Roberto Gil Zuarth
The Institutional Revolutionary Party (PRI) will not win the forthcoming elections because its return to government would be a grave setback for Mexico. It is the party that governed during most of the 20th century under an authoritarian regime. Not only did it hold the presidency in all the elections that took place after 1929, it also set up a machinery to secure for itself all the elections for governor (until 1989), all the elections for senator (until 1998) and more than 95% of the elections for federal and local deputies and mayors.
The political regime of the PRI was not only authoritarian but also corporate. Workers were grouped into unions constructed from above, as were rural labourers via a system of assemblies. Something similar happened with the business community through chambers of commerce. It was a reconstruction of medieval structures in the 20th century, which Mussolini had begun and many countries tried to do from 1930 onwards. Of all of these, Mexico’s is the one that has lasted longest.
Evidently authoritarian regimes in which there is no rule of law are prone to corruption, and corruption in Mexico is legendary. The country’s rules were not made to be obeyed, but to be used when it was necessary: to get rid of a political enemy, or to obtain some sort of pay-off. It is difficult to find a descendant of a president or a governor who has to work for a living. All left their posts with riches of unbelievable proportions for politicians in a democratic country.
The democratic transition begun in 2000 brought a structural change. For the first time, the president of Mexico has had to obey the law. However, the PRI captured a new bastion of power, replicating its authoritarian model in two groups of political actors.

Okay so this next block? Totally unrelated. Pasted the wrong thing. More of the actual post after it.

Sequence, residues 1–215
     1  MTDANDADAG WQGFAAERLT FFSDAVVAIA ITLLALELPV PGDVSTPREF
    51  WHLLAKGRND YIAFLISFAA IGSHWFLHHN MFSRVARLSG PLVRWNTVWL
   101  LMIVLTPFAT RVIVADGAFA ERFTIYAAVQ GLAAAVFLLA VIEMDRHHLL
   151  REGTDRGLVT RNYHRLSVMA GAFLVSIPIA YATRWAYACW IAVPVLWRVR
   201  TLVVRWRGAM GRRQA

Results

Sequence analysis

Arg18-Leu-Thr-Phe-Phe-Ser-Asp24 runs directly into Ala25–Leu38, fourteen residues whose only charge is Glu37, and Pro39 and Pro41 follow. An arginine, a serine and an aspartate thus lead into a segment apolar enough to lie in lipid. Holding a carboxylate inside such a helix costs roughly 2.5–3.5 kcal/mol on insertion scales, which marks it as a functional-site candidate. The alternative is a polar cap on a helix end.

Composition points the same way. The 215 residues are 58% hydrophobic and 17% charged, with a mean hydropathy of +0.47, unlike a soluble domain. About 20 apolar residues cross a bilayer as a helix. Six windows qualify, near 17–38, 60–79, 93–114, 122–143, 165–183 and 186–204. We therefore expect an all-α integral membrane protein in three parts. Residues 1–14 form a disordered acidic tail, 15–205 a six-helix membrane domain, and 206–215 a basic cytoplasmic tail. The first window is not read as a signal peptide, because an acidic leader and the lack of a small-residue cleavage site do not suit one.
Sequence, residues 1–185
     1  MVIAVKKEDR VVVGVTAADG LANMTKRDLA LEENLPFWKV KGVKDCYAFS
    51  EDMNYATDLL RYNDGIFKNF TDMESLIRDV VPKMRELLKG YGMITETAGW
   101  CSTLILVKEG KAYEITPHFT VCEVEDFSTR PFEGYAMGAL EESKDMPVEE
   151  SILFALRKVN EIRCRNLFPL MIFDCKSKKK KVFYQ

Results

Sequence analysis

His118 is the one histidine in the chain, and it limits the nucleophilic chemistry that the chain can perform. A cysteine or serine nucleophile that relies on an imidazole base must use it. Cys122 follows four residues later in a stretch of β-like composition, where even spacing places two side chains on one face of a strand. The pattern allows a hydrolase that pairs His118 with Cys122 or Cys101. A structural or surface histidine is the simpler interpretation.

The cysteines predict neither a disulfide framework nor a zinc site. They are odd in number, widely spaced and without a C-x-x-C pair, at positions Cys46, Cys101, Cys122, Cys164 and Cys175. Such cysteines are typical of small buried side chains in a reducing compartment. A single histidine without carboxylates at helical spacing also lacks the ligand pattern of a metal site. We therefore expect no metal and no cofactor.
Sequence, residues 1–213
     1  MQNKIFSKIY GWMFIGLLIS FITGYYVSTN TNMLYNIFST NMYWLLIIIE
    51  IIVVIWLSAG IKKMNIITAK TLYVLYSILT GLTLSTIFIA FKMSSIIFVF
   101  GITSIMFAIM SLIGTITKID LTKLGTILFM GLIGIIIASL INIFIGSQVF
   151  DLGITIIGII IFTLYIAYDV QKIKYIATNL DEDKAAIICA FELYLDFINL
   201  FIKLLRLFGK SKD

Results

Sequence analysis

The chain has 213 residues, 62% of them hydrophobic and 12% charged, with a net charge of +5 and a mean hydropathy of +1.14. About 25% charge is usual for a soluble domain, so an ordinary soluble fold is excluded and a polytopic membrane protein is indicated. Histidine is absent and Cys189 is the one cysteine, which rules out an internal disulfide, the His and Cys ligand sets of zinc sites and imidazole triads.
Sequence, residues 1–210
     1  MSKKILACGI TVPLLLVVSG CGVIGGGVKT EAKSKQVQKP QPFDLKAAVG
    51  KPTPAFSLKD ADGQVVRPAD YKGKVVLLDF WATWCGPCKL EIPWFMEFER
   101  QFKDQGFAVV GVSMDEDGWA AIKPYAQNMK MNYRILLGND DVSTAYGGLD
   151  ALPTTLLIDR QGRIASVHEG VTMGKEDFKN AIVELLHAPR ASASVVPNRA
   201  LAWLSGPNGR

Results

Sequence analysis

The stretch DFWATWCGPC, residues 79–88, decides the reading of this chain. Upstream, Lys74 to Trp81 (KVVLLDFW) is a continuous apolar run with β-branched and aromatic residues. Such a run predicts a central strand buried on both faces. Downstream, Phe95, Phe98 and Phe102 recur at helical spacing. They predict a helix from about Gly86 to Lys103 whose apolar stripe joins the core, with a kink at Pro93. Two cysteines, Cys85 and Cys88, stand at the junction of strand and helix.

The first group comprises governors, who act now as presidents did before, only limited to their states. They control the local congress, the courts, the electoral authorities, the bodies monitoring transparency and human rights, and even the local media. The lack of any counterweight to the governors and the tradition of corruption had serious consequences. There isn’t space here to list the suspect PRI governors, some of whom have already been processed by the justice system. The most recent is Tomas Yarrington, a former governor of Tamaulipas, accused in civil proceedings in the United States of receiving bribes from drug traffickers. (He denies wrongdoing.) Another recent case is Humberto Moreira, a former governor of Coahuila, who is under investigation after running up a debt for his state of Ps34 billion ($2.4 billion). His ex-treasurer is wanted in the United States for money-laundering. Mr Moreira was president of the PRI in 2011 and anointed Enrique Peña Nieto as the presidential candidate.
To these known cases can be added a big group of former and current governors who are suspected of links with organised crime and illicit enrichment. One of the first cases that came to public attention was that of Mario Villanueva Madrid, governor of the state of Quintana Roo between 1993 and 1999, and now in prison for his complicity in drug trafficking. Mr Villanueva was finance secretary under the current president of the PRI, Pedro Joaquin Coldwell, who supported his bid for the governorship which, it is now known, he used as his personal source of loot. The ties between the current president of the PRI and this kind of criminal is just one example among many that can be found in this party.
The second group comprises corporate actors: leaders of unions and rural movements, and businessmen with market power. Among the first, practically all directly support the PRI candidate, or are hoping to receive the traditional recompense of a place in the Chamber of Deputies or the Senate on July 1st. One that stands out is the leader-for-life of the teachers’ union, Elba Esther Gordillo, who in the past few weeks has decided to do away with teacher evaluations, indispensable in transforming education in Mexico. There is also the leader of the oil-workers’ union, Carlos Romero Deschamps, who is a candidate for the Senate, and who has recently become known for the more-than-comfortable lifestyle of his daughter, which includes such luxuries as trips in private planes for her and her pets.
The possibility that the worst elements of the PRI return to power in Mexico brings with it the risk that these groups not only maintain the privileges that were created during the 20th century, but also seek to increase them even more. Mr Peña has decided to represent them.